Herbicide selection for wandering Jew (<i>Tradescantia fluminensis</i>) control
AbstractWandering Jew (Tradescantia fluminensis) prevents the regeneration of native forests in New Zealand The herbicide triclopyr effectively controls this weed but is damaging to many native plant species To identify alternative herbicides 16 active ingredients representing eight chemical groups were applied to containergrown wandering Jew plants of various ages in three experiments In Experiment 1 triclopyr killed all plants (3 months old) while amitrole caused substantial damage to plants In Experiment 2 amitrole terbuthylazine metsulfuronmethyl and triclopyr provided excellent control of 2 month old plants In Experiment 3 on 4 monthold plants wandering Jew was highly susceptible to triclopyr metsulfuronmethyl fluroxypyr glyphosate fluroxypyr metsulfuronmethyl triclopyr and picloram triclopyr These herbicides were evaluated in a subsequent field trial and all except metsulfuronmethyl gave similar levels of control to Experiment 3 Further investigation of these chemicals is required to determine their optimal use rates and safety for native plants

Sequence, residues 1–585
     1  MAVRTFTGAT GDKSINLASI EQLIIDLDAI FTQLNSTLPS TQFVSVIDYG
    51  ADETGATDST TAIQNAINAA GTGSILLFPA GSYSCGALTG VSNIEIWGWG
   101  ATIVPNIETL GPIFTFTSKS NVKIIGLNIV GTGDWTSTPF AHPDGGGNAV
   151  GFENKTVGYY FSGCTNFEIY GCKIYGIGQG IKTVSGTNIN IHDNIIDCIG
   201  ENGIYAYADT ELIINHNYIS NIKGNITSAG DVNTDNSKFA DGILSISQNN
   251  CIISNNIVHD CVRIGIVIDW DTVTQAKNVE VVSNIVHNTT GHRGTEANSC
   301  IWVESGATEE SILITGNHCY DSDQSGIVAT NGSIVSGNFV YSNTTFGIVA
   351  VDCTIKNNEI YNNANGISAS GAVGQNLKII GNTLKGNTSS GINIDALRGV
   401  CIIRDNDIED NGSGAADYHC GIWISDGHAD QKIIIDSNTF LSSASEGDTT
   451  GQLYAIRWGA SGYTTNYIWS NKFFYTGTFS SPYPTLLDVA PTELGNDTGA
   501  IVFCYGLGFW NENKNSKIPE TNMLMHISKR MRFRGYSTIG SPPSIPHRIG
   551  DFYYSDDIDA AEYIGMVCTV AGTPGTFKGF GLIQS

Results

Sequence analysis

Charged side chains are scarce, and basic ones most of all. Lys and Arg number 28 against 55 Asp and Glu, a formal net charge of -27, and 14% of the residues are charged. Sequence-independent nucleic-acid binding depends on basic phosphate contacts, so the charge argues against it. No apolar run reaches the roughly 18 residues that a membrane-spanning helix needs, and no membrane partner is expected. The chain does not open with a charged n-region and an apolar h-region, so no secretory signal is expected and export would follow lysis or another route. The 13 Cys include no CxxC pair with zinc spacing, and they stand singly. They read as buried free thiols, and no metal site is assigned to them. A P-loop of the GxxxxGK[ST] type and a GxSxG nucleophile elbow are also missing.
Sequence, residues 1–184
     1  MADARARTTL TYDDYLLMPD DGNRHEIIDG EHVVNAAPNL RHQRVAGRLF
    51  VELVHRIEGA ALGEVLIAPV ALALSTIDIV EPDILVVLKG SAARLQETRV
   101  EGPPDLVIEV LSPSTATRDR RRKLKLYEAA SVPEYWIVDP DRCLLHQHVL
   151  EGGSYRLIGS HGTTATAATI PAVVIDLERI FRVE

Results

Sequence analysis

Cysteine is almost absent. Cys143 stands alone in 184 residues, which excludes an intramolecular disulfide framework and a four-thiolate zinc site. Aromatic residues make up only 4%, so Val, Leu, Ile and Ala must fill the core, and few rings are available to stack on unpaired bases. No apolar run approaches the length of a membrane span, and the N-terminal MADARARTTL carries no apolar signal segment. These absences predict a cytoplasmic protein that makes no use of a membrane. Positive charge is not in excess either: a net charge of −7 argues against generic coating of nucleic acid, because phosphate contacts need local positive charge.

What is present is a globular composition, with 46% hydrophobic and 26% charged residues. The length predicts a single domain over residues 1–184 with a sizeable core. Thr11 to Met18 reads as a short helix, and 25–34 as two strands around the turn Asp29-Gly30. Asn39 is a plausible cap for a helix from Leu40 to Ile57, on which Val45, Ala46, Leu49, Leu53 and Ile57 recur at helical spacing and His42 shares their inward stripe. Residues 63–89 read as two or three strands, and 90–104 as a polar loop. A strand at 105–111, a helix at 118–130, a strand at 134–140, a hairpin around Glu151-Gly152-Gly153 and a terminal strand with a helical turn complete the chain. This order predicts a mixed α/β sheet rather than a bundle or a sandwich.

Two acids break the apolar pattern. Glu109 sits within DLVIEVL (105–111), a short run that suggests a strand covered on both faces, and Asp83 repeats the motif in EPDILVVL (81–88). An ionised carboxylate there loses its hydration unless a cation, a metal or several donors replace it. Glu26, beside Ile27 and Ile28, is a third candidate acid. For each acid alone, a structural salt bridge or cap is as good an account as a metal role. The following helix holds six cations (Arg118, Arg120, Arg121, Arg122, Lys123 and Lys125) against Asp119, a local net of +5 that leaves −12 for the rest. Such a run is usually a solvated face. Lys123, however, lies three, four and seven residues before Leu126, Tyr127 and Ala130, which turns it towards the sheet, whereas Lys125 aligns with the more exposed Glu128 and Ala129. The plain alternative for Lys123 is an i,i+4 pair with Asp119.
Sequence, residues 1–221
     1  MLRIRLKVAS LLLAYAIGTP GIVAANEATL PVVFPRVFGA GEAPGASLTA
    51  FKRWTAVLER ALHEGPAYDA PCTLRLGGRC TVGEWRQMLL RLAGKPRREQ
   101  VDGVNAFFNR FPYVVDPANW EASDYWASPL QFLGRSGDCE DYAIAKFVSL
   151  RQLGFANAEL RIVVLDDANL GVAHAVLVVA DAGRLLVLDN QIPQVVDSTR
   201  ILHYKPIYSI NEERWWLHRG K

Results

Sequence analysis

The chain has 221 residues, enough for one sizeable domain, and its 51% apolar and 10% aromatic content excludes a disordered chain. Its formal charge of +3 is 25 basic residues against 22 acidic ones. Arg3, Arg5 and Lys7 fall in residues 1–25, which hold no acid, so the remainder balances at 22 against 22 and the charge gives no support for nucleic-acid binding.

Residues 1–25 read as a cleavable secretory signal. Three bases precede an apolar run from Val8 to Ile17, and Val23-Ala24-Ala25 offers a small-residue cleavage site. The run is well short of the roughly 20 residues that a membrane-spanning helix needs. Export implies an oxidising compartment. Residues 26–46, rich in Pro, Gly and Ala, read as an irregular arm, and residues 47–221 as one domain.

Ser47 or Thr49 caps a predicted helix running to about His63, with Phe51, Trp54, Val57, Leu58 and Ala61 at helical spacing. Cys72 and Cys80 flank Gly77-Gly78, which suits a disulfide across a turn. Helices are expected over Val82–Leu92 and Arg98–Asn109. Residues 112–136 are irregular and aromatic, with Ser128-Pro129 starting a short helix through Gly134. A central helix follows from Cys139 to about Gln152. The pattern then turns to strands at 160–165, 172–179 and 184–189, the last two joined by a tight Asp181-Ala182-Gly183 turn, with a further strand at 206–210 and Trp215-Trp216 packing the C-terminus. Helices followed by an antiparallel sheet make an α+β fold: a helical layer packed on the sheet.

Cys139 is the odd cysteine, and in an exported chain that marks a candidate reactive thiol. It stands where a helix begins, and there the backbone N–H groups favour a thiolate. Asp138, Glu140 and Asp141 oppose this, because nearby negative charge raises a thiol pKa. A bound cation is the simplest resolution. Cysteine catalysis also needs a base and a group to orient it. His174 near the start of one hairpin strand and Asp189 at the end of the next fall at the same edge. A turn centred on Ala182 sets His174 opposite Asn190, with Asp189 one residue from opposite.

How to Cite
Hurrell, G.A., T.K. James, C.S. Lusk, and M. Trolove. “Herbicide Selection for Wandering Jew (<i>Tradescantia fluminensis</i≫) Control”. New Zealand Plant Protection 61 (August 1, 2008): 368–373. Accessed December 4, 2021. https://journal.nzpps.org/index.php/nzpp/article/view/6885.